Nov. 30, 2021 -- The CDC strengthened its recommendation for COVID-19 booster shots on Monday, saying that all American adults “should” get an extra shot as the new Omicron variant spreads around the world.
People ages 18 and older should get a booster dose at least 6 months after the initial two-dose vaccine series for the Pfizer and Moderna shots or 2 months after the single-dose Johnson & Johnson vaccine, the agency said.
“The recent emergence of the Omicron variant (B.1.1.529) further emphasizes the importance of vaccination, boosters and prevention efforts needed to protect against COVID-19,” Rochelle Walensky, MD, director of the CDC, said in a statement.
Previously, the CDC said those over age 50 and adults in long-term care facilities “should” get booster shots, and other adults “may” decide to get one based on their individual risks. Now the word “should” applies to all adults.
The shift in tone signals a growing concern about the Omicron variant despite the limited information so far, according to The New York Times. Scientists in dozens of labs across the world are now studying whether the new variant is more contagious and if it may evade vaccines. Some results are expected in about 2 weeks.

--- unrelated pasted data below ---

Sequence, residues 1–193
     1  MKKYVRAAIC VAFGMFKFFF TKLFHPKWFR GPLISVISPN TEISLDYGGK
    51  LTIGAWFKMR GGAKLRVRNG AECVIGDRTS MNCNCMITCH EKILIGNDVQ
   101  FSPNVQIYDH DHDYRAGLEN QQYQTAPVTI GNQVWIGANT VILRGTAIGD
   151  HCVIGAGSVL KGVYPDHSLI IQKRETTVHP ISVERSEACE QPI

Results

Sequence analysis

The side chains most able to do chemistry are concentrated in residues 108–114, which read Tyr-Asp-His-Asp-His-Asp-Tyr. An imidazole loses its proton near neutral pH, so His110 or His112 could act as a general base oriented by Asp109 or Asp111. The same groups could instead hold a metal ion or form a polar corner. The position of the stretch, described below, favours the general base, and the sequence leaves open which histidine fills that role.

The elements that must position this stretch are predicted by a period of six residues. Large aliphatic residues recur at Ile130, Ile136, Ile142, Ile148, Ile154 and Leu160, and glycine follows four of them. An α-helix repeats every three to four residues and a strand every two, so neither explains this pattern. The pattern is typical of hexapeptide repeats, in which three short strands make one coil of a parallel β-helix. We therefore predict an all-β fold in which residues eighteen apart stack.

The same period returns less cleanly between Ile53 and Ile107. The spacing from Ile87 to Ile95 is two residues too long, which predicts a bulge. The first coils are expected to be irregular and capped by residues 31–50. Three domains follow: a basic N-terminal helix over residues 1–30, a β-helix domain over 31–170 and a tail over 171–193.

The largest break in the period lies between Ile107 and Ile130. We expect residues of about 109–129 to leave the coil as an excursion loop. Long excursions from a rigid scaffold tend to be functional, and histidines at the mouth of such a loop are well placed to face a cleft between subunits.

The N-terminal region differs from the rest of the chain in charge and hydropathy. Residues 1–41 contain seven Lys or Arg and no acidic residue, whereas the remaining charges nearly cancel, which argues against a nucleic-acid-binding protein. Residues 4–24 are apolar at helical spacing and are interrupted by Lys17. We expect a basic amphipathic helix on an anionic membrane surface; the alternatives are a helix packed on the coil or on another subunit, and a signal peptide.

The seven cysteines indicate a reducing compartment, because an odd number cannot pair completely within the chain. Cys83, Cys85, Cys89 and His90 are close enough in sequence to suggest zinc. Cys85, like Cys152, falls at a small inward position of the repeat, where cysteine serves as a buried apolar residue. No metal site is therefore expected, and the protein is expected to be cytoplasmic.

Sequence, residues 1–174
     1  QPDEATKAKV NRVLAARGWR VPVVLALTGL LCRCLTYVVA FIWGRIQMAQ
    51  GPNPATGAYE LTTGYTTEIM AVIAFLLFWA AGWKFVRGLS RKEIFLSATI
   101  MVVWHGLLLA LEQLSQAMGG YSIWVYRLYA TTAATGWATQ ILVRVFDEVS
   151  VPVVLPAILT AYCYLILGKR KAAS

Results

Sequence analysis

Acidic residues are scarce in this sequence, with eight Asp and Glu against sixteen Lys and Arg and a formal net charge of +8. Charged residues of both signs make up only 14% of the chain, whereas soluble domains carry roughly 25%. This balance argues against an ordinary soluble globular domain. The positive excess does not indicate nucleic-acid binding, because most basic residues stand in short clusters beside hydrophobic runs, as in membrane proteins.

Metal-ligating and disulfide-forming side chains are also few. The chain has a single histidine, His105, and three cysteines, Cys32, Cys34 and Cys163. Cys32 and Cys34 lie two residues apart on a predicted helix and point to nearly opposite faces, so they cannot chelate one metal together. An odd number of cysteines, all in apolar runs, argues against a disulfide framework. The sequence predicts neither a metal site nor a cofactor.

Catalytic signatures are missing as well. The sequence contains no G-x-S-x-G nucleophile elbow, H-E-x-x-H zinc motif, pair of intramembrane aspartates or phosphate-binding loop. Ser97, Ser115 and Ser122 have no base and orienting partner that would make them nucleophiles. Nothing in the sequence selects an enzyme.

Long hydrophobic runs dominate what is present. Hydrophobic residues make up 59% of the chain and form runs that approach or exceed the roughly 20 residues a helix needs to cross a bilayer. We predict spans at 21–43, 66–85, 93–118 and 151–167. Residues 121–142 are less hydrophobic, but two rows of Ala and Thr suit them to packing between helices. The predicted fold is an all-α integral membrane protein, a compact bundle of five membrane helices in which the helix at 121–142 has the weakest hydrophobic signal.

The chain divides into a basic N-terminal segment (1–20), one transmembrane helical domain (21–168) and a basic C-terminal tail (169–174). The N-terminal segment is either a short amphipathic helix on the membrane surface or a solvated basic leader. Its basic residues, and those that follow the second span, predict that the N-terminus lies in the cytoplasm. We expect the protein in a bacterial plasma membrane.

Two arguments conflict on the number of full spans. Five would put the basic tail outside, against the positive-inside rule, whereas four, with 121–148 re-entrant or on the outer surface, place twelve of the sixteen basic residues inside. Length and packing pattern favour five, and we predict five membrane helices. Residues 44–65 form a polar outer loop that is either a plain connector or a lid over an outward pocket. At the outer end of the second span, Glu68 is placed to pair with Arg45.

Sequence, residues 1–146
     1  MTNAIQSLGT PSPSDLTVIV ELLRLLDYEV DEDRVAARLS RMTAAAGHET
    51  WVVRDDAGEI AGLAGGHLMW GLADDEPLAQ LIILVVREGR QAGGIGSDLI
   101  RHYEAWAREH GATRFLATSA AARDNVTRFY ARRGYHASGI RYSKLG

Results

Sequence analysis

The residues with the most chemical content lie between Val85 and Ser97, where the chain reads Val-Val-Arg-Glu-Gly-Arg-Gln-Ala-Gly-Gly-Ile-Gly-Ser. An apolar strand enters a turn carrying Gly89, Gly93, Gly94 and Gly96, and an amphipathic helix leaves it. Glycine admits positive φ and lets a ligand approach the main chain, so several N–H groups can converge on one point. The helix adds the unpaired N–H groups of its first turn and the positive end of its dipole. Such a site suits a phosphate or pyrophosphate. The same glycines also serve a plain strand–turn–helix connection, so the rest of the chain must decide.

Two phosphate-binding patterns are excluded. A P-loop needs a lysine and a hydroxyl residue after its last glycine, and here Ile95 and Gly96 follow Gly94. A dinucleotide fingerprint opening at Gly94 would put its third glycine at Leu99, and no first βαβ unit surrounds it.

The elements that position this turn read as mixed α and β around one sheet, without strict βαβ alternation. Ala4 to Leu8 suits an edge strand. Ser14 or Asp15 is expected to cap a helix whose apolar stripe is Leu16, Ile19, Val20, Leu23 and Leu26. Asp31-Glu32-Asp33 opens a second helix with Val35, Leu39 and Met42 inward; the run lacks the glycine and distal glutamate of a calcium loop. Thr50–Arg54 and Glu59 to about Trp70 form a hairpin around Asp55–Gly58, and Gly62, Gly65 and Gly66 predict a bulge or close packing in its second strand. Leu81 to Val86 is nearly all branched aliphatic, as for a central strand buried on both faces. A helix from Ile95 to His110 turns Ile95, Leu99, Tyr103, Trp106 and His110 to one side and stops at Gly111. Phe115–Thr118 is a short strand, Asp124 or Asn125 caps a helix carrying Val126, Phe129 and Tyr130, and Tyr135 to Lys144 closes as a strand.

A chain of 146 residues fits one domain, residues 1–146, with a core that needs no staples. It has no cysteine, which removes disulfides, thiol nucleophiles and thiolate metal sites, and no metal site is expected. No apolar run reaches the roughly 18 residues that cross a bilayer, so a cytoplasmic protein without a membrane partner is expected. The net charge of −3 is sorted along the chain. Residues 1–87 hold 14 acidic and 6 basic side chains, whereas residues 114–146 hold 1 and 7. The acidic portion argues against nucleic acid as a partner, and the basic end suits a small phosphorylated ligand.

“Early data from South Africa suggest increased transmissibility of the Omicron variant, and scientists in the United States and around the world are urgently examining vaccine effectiveness related to this variant,” Walensky said in the statement.
Walensky also encouraged the 47 million adults who haven’t yet been vaccinated against COVID-19 to get a shot “as soon as possible.” She said children and teens should be vaccinated to “prevent serious illness” and protect their families.
“I also want to encourage people to get a COVID-19 test if they are sick,” she said. “Increased testing will help us identify Omicron quickly.”